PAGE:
Investing in a low interest rate environment
BY Yaelle Gang | January 23, 2019
While interest rates have risen, they remain low by long-term historical standards, causing challenges for long-term investors like pension funds.
“Because we’re a pension plan, we invest significantly in fixed-income assets,” says James Davis, chief investment officer at the OPSEU Pension Trust. “A cornerstone of our member-driven investment strategy is to mitigate the interest-rate sensitivity in our liabilities,” he adds, noting the pension fund owns a significant portion of bonds to accomplish this.
“At this stage of the game, we are probably a little light on where I would like to be in bonds over the longer term, and that’s just a reflection again of the lower interest rate environment and the need to generate returns that are sufficient to keep the plan sustainable,” he says.
The OPTrust also invests significantly in alternatives, recently internalized capital markets and is beginning to build value-add programs around its public markets exposure, notes Davis. “We’ve got value-add programs within the illiquid alternatives, where we have a long-term, successful track record, and now we’re building them in the liquid capital markets.”
This is important because in a low-interest rate environment the risk-free rate of return isn’t very high, says Davis, explaining one potential source of returns is the risk premia from investing in stocks, bonds and other capital market assets. Yet these assets are very expensive primarily because low interest rates have pushed investors out the risk spectrum, he adds. “They were encouraged to buy more risky assets, that bid up the price of risky assets, causing the expected future return to drop. So you’ve got an environment now where you’re not earning very much in terms of risk premia and the risk-free rate is not particularly high.”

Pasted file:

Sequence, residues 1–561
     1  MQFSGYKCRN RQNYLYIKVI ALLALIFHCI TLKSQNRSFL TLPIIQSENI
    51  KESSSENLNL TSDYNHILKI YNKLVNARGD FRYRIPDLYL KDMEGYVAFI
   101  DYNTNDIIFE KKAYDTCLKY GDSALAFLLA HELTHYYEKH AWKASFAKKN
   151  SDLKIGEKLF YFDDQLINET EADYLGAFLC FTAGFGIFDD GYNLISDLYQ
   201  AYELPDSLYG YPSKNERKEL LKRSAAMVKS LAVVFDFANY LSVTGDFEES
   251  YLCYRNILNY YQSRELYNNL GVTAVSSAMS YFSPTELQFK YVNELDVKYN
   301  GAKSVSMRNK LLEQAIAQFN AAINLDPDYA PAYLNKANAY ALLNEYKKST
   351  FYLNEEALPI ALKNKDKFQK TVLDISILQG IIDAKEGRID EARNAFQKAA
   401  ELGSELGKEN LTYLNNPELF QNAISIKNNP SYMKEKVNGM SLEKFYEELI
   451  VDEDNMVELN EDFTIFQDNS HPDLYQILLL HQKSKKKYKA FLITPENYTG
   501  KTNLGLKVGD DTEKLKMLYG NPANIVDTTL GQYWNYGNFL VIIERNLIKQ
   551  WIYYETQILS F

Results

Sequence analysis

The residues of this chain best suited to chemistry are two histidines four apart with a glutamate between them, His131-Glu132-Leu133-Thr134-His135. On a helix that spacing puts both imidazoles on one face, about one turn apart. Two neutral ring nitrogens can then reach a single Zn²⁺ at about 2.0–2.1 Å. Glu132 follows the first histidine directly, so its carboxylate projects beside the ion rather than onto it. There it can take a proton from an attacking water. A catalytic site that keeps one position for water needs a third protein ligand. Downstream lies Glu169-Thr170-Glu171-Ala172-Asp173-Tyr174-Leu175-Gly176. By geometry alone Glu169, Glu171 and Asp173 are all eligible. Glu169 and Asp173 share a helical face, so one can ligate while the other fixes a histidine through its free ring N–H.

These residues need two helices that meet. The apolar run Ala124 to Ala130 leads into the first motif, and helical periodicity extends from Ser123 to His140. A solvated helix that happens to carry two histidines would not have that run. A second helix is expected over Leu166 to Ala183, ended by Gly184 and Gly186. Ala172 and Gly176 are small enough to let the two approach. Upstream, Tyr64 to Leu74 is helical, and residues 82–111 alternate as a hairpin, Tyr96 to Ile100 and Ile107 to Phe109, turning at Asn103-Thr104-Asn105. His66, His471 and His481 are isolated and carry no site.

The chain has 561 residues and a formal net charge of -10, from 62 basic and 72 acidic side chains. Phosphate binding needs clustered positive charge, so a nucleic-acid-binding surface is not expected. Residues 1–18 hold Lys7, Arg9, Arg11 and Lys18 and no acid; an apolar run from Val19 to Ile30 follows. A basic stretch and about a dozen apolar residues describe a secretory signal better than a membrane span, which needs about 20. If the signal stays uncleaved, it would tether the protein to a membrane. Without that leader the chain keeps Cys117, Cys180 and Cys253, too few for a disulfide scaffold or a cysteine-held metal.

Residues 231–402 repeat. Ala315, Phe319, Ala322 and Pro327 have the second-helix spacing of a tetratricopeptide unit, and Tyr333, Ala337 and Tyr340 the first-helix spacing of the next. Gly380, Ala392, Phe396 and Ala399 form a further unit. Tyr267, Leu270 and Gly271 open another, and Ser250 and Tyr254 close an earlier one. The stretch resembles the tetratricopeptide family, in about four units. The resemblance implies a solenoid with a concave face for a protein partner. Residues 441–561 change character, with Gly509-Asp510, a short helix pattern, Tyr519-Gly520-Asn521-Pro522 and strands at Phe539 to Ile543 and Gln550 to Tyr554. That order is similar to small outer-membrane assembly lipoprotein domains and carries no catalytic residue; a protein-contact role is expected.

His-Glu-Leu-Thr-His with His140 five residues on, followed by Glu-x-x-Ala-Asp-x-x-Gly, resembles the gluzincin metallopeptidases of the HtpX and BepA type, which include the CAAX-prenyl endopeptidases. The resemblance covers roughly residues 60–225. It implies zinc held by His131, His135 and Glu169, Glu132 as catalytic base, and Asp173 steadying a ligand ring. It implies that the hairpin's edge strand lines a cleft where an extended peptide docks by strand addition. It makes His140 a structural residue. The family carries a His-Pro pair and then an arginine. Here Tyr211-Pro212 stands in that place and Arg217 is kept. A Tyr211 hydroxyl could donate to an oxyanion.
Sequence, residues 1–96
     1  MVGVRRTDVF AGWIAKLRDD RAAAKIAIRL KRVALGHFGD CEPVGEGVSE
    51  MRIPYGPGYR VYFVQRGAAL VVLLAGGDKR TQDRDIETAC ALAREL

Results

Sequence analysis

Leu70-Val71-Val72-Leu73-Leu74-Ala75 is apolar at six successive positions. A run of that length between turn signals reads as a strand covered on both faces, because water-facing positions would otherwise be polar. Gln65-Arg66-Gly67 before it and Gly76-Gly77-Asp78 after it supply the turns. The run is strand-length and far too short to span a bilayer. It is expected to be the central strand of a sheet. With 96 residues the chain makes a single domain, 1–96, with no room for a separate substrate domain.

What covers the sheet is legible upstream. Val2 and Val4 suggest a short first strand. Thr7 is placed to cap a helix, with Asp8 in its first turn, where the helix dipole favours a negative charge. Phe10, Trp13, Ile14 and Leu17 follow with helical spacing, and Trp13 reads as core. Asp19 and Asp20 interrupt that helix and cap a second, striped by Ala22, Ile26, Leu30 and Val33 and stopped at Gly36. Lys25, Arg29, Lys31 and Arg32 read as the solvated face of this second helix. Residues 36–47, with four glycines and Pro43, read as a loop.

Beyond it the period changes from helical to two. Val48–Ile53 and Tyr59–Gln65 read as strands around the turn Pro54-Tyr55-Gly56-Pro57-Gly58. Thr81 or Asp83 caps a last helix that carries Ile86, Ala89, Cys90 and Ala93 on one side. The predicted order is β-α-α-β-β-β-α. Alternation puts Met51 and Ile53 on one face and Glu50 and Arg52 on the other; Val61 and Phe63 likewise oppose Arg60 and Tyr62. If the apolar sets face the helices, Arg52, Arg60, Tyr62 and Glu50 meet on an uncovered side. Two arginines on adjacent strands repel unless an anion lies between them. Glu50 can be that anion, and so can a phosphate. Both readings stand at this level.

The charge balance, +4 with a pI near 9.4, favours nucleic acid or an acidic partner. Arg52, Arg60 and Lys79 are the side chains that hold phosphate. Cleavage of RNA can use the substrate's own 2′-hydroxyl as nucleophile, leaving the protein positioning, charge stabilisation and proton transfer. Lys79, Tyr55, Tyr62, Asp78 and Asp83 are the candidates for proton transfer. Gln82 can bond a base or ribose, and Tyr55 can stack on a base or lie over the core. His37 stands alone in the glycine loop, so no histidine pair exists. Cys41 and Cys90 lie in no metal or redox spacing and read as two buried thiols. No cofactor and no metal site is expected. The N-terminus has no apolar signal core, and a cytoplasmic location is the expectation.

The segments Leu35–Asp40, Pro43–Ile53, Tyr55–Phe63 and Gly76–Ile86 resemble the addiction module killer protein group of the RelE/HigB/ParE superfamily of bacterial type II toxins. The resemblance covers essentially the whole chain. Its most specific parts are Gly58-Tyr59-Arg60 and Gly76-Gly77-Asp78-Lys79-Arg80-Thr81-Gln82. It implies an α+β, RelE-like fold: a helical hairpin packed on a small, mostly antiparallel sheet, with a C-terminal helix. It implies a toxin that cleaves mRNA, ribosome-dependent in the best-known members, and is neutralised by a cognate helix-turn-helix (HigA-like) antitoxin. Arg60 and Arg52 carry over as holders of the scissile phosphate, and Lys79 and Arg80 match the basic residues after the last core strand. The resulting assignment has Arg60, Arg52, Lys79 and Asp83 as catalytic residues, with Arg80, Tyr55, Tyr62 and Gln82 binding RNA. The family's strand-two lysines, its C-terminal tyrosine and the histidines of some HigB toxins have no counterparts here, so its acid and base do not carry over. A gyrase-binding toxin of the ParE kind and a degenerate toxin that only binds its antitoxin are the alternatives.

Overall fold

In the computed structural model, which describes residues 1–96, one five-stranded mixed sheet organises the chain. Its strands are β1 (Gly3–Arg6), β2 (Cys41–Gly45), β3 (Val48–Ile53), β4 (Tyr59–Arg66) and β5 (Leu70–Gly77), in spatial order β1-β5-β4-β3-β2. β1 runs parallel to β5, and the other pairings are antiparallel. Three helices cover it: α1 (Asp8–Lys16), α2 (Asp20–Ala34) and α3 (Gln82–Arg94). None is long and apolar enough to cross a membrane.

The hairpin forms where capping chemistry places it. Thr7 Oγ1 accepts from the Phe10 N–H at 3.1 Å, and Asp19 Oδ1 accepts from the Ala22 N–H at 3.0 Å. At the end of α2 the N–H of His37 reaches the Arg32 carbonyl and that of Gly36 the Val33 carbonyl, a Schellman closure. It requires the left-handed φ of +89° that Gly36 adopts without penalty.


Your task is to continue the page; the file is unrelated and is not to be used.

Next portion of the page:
The other source of potential return is value-add or alpha, says Davis. “That’s where we are putting our emphasis,” he says, noting investors can’t ignore the valuations in the market and need to have exposure to capital market instruments.
One way the OPTrust is creating value and getting exposure is through private markets. “You will get equity exposure by being in private equity, but because of the nature of how we invest, we believe that we have a better opportunity for value creation there than we would in the public equities market,” says Davis. “If you look at our overall equity exposure, which is not that high, partly because of where valuations are, partly because we’re a mature pension plan and we can’t bear that much risk, we’ve chosen to take primarily our equity exposure via the private markets for that value creation reason.”
Low interest rates also affect alternatives for the same reason they affect public markets, he says. “When interest rates are low, investors are seeking return so they will tend to move into the riskier assets,” says Davis. “The private market assets are generally a riskier asset than a bond, for example. And so when they move into that market they are bidding up the price and lowering the expected return. Just as bond yields are going down, or just as risk-free interest rates are going down, valuations in the riskier assets, including the private market assets, are going up. So their future returns are going down. And in that kind of environment, it’s just really challenging to try to get returns.”
Davis believes the best opportunities right now are in the alternatives space, despite the challenges. “We’re continuing to find, on a very selective basis, really good risk-adjusted return opportunities in the real estate, infrastructure and private equity space,” he says. “Where we think it’s more challenging is just in the conventional public market sphere — especially if you’re a passive investor. We think this is not the time to be a passive investor.”